Herb Grant joined the Dawson team in 1952 at the Cold Lake Airport construction and has been with them ever since, now heading up the Upper Levels job along with the Cypress Bowl project.

The biggest problem at Cold Lake? Herb replies without hesitation- “Mosquitoes! ” He also remembers that the access road to the site was “out of this world,” and that everytime it rained a farmer had to pull vehicles out of the mud.

Improvement in scrapers

The Cold Lake job was also the first time Grant had used the two-wheel drive DW20 scrapers. Then the DW21 came along, “a great improvement.”

In 1957, Dawson was working on the Campbell River Dam and Herb was in charge of the job.

Easing back in his office chair, his eyes twinkling as they always do when he tells a story. Herb ‘tells how warm rain and high winds caused a flood which knocked out a plug in the Campbell River.

“I’d walked across that plug just two hours before and I’m sure glad I wasn’t on it when she blew. Some big Jogs came down, wiped out the plug out and the huge rocks from the plug carried on down the hill and knocked a trestle out below,” said Grant.

In the flood a quantity of rebar, some clam buckets and some drag line buckets disappeared. They were never found.

Dawson had three sections of Highway 401 and Grant recalls how they moved 13 scrapers in to the Abbotsford bypass, hoping for a run at it in the dry summer weather of 1959. “It stayed wet all summer and we never got a thing done.”

Dust control was the largest single problem on the Kamloops by-pass. Herb tells how the Department of Highways hydroseeded the slopes in an attempt to cure the problem. The scrapers also had a difficult time on this project because of the ten per cent grade and the intense summer heat.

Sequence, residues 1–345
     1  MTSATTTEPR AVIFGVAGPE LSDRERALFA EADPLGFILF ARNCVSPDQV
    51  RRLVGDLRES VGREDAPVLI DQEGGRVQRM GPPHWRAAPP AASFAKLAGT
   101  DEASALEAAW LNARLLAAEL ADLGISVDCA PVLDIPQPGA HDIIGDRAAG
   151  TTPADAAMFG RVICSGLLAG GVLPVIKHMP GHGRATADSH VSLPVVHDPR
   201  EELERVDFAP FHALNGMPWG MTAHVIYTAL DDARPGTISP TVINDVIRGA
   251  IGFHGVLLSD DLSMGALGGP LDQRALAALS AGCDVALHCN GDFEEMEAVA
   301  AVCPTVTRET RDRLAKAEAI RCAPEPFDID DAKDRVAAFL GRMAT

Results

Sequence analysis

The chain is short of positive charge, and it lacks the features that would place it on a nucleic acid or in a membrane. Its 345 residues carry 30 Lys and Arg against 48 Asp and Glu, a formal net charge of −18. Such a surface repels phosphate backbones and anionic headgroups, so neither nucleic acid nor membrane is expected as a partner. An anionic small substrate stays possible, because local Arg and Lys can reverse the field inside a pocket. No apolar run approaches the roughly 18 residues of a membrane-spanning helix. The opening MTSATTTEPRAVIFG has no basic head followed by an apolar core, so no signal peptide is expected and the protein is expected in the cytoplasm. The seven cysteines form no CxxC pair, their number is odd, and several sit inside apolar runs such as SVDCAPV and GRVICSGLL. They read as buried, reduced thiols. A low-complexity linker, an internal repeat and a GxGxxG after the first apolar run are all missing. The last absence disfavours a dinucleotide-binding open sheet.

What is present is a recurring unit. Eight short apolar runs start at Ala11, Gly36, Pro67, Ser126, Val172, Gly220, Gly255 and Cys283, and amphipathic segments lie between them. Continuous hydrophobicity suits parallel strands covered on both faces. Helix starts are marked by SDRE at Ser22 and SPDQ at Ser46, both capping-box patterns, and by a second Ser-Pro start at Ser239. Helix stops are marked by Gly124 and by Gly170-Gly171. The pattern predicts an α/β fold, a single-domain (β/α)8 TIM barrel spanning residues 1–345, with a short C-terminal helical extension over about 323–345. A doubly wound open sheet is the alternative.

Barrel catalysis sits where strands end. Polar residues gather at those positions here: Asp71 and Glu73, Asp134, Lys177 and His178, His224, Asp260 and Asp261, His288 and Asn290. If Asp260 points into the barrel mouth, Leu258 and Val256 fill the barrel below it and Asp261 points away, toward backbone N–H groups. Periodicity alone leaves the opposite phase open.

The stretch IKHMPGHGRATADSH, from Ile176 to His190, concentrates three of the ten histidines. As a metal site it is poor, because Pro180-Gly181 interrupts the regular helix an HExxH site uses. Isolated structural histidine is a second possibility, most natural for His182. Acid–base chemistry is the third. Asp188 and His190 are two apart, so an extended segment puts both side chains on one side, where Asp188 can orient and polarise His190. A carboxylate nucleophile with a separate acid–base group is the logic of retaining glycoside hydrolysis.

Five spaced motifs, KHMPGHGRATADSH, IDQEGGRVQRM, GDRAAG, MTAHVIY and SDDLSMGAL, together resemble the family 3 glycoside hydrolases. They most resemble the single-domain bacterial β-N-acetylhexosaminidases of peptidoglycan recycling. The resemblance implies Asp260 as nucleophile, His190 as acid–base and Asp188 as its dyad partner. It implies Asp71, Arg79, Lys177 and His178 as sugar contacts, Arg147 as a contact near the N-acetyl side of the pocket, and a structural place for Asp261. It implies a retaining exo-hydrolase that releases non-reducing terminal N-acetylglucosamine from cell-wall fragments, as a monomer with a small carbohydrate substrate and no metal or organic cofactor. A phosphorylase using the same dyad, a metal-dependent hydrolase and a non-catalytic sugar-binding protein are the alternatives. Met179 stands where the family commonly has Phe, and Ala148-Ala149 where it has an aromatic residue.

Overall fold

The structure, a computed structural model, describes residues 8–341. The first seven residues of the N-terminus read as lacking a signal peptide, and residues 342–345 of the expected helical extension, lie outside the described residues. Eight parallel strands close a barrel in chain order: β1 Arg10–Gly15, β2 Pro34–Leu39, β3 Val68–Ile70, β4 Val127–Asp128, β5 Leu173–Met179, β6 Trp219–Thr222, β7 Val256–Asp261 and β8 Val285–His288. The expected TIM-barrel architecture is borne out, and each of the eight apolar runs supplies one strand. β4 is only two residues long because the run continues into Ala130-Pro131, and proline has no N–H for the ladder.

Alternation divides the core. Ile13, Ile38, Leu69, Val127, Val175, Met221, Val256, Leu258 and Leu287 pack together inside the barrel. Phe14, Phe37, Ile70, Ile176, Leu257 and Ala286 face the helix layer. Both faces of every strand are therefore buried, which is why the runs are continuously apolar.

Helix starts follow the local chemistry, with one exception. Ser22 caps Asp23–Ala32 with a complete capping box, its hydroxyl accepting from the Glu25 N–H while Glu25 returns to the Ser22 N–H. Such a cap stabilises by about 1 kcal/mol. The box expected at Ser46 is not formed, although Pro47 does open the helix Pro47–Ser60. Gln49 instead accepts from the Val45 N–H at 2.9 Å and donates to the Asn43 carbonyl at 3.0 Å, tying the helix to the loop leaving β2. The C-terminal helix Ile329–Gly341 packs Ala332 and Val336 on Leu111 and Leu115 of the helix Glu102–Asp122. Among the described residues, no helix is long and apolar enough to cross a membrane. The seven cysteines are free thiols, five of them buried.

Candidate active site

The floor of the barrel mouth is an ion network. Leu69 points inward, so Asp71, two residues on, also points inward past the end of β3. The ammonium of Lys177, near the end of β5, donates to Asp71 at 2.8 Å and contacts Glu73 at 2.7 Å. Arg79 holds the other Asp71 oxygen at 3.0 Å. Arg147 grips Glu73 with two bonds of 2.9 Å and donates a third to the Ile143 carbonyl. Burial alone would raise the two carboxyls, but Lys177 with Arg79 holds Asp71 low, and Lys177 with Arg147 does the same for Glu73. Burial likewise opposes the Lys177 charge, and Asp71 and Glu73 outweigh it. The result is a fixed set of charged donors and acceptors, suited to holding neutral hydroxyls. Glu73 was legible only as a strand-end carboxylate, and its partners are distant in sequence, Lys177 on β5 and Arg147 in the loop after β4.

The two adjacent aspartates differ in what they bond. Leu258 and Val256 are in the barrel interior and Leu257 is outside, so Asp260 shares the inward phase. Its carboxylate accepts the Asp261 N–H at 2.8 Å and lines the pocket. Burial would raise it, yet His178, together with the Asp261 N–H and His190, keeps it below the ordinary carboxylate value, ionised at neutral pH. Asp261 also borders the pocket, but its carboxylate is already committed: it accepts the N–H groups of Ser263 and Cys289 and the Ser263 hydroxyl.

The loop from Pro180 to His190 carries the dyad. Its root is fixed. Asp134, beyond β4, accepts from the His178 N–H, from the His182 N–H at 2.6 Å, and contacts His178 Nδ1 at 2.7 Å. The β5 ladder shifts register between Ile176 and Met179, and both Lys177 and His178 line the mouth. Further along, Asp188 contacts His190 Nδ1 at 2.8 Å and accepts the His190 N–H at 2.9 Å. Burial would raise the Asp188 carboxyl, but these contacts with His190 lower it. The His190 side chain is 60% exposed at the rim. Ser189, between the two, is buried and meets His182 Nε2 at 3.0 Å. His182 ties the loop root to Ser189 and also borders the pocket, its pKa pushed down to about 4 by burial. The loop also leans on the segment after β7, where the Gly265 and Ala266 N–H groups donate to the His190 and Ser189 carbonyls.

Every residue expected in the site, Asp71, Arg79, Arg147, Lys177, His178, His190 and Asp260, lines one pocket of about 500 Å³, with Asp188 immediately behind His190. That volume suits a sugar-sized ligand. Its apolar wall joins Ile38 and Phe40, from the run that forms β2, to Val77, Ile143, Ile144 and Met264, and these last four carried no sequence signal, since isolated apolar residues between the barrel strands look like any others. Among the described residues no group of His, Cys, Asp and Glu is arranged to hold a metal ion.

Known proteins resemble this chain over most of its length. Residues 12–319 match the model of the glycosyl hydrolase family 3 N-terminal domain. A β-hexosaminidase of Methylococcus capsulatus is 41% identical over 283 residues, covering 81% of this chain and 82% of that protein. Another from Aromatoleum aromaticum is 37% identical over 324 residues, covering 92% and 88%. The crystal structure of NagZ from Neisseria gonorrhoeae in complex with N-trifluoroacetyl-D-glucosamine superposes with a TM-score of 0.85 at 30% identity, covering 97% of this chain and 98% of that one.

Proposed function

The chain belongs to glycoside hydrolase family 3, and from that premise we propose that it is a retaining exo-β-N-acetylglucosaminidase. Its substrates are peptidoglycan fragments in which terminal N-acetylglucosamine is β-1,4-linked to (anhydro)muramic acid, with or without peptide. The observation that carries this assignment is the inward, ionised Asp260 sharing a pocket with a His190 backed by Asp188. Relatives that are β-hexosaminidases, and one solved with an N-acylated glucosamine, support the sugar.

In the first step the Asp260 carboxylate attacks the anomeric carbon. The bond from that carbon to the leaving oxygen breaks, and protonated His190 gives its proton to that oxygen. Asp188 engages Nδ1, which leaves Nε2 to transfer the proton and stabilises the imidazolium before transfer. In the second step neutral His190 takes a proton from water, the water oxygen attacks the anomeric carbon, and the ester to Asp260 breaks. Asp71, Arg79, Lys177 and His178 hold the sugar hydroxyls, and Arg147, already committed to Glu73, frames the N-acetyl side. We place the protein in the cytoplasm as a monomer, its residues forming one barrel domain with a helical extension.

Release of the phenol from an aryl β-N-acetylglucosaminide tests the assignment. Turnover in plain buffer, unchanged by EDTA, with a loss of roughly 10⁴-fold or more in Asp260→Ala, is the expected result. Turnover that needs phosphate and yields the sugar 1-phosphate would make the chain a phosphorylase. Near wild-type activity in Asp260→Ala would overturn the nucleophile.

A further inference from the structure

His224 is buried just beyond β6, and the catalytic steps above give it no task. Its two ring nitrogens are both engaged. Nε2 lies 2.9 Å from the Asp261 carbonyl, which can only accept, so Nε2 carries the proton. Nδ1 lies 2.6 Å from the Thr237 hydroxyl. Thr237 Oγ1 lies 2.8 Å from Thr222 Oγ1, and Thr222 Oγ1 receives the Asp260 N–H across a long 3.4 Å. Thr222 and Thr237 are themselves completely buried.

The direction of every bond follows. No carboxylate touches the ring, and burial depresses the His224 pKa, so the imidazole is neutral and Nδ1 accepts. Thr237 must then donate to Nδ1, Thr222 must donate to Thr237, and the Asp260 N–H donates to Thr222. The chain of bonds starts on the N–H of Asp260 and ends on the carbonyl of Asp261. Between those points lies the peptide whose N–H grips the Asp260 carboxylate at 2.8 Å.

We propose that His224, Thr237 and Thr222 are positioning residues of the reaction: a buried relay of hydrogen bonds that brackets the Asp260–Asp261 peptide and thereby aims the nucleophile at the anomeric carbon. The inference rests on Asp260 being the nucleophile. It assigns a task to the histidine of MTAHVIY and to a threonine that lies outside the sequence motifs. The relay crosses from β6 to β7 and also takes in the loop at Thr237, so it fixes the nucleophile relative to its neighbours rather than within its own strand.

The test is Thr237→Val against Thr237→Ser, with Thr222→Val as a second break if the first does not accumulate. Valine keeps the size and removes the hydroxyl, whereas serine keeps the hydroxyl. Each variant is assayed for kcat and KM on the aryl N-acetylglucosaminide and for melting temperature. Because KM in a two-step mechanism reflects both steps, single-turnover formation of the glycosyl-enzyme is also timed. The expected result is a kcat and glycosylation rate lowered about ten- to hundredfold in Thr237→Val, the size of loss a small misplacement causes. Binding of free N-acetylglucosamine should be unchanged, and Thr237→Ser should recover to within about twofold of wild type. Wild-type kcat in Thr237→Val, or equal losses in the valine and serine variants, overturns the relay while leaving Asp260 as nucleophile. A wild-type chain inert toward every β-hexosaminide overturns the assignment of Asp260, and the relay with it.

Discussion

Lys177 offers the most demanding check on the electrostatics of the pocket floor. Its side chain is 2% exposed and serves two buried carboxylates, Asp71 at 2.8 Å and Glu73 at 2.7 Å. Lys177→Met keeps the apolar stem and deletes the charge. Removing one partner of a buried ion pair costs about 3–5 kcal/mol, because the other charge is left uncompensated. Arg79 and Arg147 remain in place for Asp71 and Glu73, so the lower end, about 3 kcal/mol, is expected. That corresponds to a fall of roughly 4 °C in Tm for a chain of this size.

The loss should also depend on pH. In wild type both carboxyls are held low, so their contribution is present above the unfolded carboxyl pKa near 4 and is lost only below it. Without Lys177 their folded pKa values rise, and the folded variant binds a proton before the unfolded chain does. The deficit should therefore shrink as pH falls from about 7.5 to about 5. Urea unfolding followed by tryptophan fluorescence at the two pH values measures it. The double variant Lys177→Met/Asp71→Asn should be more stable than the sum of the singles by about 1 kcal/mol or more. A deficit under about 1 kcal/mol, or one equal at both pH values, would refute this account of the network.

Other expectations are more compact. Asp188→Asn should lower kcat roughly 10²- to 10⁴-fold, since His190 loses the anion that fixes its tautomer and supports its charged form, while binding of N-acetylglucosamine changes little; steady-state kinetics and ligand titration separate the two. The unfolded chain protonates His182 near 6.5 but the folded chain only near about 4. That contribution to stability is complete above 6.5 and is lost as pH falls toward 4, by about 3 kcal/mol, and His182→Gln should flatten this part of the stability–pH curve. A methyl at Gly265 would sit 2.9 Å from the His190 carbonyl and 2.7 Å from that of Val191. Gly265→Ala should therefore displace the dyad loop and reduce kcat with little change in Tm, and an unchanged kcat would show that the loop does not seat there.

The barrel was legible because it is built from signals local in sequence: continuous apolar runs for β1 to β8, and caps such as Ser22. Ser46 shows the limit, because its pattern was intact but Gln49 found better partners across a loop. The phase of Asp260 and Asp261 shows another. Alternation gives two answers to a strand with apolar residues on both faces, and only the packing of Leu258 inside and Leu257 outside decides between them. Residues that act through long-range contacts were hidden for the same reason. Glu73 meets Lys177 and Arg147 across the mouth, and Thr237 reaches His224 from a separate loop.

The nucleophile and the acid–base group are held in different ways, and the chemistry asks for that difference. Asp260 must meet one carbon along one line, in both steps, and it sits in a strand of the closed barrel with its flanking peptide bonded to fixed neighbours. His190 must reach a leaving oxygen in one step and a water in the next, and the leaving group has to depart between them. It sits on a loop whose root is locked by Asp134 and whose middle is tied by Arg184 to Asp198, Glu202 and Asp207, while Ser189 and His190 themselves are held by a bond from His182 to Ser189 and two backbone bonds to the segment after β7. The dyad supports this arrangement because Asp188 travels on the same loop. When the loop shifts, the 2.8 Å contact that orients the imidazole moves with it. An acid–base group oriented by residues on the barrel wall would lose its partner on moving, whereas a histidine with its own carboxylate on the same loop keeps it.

The spectacular Rogers Pass on the Trans-Canada highway was opened in the fall of 1962. Dawson, Wade and Co. Ltd. played a significant role in its construction.

J.W. ‘Tiny’ Laughton was Dawson’s man on the job and he remembers the problems of glacial dust encountered during July, 1961. Rain made the powdery dust an impassable mire and turned the Rogers Pass into “the financial boneyard of contractors – who contributed as much as the government to the cost of building the road.”

At one point during the project, a scraper and a 12-ton Euclid truck slithered down a 50 ft. bank of fill into mud seven ft. deep. It took crews a full day to extricate the machines.

Dawson, Wade teamed up with Peter Kiewit Sons Co. on two of the four snowsheds constructed in the pass. They were constructed of heavily reinforced concrete with seven inch-thick roofs, rip-rapped with tons of stone so that an avalanche roaring down a mountainside will slide harmlessly over the top.

Photo Caption: THE GRANVILLE Street Bridge, with the Burrard Bridge in the background – May 1972. Dawson had a hand in both these City of Vancouver main arteries.